Lightfoot proposes temporary fuel surcharge on taxi fares

The surcharge would start at $1 for fares up to $20, then go to $2 for fares up to $30 and $3 for tabs over $40. The Business and Consumer Affairs commissioner would be empowered to terminate the surcharge whenever gasoline prices fall below $5 a gallon.

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Taxis on Madison Street in Chicago in 2012.

With the advent of ride-hailing services, which are regulated differently than taxis, the number of cabs in Chicago has declined to about 2,000. Yellow and Checker, once the giants of the industry, have just 450 cabs in Chicago.

Sun-Times file photo

Chicago cabdrivers squeezed by skyrocketing gas prices may soon get some relief — at the expense of their dwindling pool of riders.

Mayor Lori Lightfoot is proposing a surcharge of $1 for fares up to $20, $2 for fares as high as $30 and $3 for tabs over $40. 

Business and Consumer Affairs Commissioner Ken Meyer would be empowered to issue a “public vehicle industry notice” to terminate the surcharge whenever gasoline prices fall below $5 a gallon.

Signs notifying riders of the fuel surcharge would have to be posted in a “prominent place” within the vehicle. The size and location of that sign would be determined by a rule issued by the department charged with regulating the taxicab industry. 

John Moberg, president of Yellow Taxi and Checker Taxi, said the modest surcharge “certainly would help,” with the biggest impact on larger vehicles accessible to passengers with disabilities. The impact would be negligible on smaller, hybrid vehicles.

Moberg was asked whether the proposed relief is enough for an industry he described as “limping along for quite some time.”

“Do the drivers need more revenue? No doubt. But at the same time, we can’t discourage people from riding. All of us are feeling financial strain right now. The entire city,” Moberg said. 

“How much can the people of Chicago bear? You don’t want to raise rates to the point where people just stay home. Through the whole COVID shutdown, we’re a different people now than we were two years ago. We’ve adjusted our lifestyles. … A number of us are almost frightened regarding going out — then adding the economic situation on top of it.”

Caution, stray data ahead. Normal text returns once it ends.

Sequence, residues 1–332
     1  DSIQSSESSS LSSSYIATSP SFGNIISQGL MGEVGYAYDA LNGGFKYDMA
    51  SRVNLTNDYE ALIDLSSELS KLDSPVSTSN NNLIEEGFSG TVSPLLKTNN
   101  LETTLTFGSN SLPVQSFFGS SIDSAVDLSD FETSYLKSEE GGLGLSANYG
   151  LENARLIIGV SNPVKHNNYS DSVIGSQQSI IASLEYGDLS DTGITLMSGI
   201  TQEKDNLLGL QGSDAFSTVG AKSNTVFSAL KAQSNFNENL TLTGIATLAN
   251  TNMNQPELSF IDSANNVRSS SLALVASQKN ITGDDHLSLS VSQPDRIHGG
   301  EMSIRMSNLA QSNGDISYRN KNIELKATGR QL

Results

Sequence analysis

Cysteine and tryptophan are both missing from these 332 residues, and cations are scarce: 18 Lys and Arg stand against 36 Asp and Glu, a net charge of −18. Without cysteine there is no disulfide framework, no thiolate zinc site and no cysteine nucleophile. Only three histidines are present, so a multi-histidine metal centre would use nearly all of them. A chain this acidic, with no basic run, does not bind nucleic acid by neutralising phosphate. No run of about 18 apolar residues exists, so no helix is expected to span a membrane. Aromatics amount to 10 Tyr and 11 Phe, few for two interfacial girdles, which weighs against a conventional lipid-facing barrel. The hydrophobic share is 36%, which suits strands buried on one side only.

Chicago’s once-thriving taxicab industry has been shrinking ever since the unregulated advent of ride-hailing services like Lyft and Uber.

It took years before the city finally stepped in and regulated that industry. By that time, the value of taxicab medallions — essentially, the license needed to operate in Chicago — already had plummeted.

Yellow and Checker, once the behemoths of the taxicab industry with well over 2,000 medallions, now have just 450 cabs on the streets of Chicago, Moberg said. In the entire city, just 2,000 cabs remain on the street.

A medallion that once sold for “approaching if not over $400,000” is now valued at just $11,000 or $12,000, he said. 

“It has been limping for quite some time. We had the infusion of ride-share, which we felt was given much more lenient regulation than we were. Then regulations were increased during the Rahm [Emanuel] administration. And we were starting to level off and recover from that when COVID hit,” Moberg said.

“So, you’re talking about a cab industry that right now is maybe at 30% of what it once was. At best.”

Downtown Ald. Brendan Reilly (42nd) offered a sarcastic response to the proposed fuel surcharge.

“The City of Chicago hasn’t already done enough to kill off the taxi industry for Uber and Lyft? This initiative ought to finish the job,” Reilly wrote in an email to the Sun-Times.